Armenian Suite was taken on the Philadelphia Orchestra’s first European tour in 1955 spawning many additional performances by European orchestras. Soon after this European tour, “Dance II,” which is the sixth movement, became the theme music of the Voice of America behind the Iron Curtain. Precisely how the opportunity was arranged remains for researchers to determine. Whether Hovhaness had a hand in connecting Yardumian to the VOA remains a piece of speculation, except for the fact that the two composers were known to have met.
Voice of America
In 1953, the ten-year-old radio service was passed from the State Department to the newly-created U.S. Information Agency. VOA broadcasts of Jazz greats such as Dizzy Gillespie, Louis Armstrong, and Duke Ellington became immensely popular behind the Iron Curtain, when the frequency was not jammed. Programming was produced in New York. It originated from the Courier, a re-purposed U.S. Coast Guard cutter anchored near the Island of Rhodes, with the permission of the Greek government.
The folk roots of each movement were identified in the program notes for the premiere. “The Harvest” activities of gathering, binding the bales and stacking are here infused with Western music’s notion of calling the faithful in a ceremonial fashion. While the melody of “Song” is original, it steps out from the company of similarly spirited Armenian folk tunes. The source song of the lullaby uses a ribbon motif to symbolize a protector linked to marriage. “Dance I” likens love to a sycamore tree; while “The Interlude” rings bells to welcome the morning.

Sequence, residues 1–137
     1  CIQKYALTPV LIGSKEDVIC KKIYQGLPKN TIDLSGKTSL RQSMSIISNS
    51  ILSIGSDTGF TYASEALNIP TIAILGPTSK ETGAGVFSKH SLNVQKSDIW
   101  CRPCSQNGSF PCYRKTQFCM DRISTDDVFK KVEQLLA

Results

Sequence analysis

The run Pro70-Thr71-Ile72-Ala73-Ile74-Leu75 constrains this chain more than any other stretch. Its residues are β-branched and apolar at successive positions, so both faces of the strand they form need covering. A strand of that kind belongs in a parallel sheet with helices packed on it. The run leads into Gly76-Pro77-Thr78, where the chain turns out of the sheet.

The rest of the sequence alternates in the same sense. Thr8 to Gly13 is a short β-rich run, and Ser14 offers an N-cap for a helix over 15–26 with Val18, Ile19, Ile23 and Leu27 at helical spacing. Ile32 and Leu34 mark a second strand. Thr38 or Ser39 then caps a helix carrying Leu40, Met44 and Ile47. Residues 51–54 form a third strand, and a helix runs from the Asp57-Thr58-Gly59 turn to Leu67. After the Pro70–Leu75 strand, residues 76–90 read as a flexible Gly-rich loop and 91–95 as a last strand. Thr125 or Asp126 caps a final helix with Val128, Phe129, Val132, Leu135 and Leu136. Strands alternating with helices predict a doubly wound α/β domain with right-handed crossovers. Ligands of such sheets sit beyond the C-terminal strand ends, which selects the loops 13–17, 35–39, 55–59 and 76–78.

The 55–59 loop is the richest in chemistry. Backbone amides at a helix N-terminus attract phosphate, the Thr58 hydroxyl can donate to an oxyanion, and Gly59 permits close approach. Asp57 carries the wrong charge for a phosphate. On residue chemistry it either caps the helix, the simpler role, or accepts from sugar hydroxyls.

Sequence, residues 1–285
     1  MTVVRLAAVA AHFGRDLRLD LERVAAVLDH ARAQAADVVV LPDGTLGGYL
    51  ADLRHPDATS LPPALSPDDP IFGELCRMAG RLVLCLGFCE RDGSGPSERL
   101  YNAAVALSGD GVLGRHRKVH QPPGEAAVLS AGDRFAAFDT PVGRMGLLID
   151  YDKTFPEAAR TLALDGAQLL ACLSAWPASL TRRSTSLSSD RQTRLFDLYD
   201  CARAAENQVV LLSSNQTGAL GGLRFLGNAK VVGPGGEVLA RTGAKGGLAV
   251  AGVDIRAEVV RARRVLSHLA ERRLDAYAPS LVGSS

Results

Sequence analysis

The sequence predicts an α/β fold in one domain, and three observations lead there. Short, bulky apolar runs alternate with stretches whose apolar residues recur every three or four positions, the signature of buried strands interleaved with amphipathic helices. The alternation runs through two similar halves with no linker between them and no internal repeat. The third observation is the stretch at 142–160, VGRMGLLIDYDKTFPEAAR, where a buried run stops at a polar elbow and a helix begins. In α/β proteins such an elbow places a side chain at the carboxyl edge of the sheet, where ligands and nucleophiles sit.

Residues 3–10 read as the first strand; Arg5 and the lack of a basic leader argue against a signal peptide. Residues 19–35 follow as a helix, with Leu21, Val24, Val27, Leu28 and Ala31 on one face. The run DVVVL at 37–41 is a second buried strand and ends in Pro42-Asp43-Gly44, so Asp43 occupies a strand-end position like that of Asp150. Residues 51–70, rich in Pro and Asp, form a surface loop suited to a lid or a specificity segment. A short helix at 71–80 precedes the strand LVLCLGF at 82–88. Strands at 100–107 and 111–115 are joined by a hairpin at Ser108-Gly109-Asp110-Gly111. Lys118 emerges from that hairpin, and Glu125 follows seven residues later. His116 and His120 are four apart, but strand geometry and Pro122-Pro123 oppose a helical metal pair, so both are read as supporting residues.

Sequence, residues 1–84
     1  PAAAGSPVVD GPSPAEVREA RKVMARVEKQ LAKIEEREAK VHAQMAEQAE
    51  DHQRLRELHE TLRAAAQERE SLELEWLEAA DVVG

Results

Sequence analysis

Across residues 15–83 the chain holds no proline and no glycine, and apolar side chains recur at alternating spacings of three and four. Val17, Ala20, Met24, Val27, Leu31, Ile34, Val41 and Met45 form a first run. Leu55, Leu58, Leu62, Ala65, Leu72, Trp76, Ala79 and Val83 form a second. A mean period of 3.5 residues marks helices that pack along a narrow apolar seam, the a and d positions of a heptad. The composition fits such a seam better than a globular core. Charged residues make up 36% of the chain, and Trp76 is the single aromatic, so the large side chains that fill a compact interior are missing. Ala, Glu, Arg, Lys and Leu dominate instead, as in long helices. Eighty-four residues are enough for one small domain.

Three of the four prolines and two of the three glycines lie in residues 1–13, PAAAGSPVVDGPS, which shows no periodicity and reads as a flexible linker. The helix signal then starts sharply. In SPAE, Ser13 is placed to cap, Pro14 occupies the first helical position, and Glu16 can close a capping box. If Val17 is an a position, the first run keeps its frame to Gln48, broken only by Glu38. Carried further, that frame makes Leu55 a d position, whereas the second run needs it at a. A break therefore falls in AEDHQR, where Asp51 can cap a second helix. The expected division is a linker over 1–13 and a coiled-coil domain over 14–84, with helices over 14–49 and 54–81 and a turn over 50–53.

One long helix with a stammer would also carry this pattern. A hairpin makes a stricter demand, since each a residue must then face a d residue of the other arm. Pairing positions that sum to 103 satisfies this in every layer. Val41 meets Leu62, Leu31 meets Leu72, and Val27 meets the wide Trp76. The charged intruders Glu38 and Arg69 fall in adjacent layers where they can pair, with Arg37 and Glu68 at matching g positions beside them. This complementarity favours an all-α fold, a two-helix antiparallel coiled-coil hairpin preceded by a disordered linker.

“Dance II,” features rapidly changing moods and a more complicated oral history. On a cloudy day the impatient lover declares a heart full of fire, with no sleep in the eyes. Another strand is the coaxing manner of a herder toward his beloved oxen.
Ormandy premiered ten Yardumian works and gave some 100 performances. Among them are two symphonies, a violin concerto, the piano concerto Passacaglia, Recitative, and Fugue, a short orchestral work featuring clarinet and harp On Plainsong: Veni, Sancte Spiritus; a one movement work for flute and strings entitled Epigram: William M. Kincaid, and the mass in English for orchestra choruses and mezzo-soprano Come Creator Spirit. Apart from composing a work for string orchestra, works for solo piano, and other secular works, Yardumian devoted a considerable amount of energy to composing hymns and other music for liturgical use.
The downside of Ormandy’s support and the long-term relationship with the Philadelphia Orchestra was the notion that Yardumian was a Philadelphia exclusive. It followed that, as Ormandy’s tenure at the podium receded, so did Yardumian’s music disappear from music stands. The conductor and the composer died just five months apart in 1985 with Ormandy’s departure March 12 at age 86, and Yardumian’s August 15 at age 68.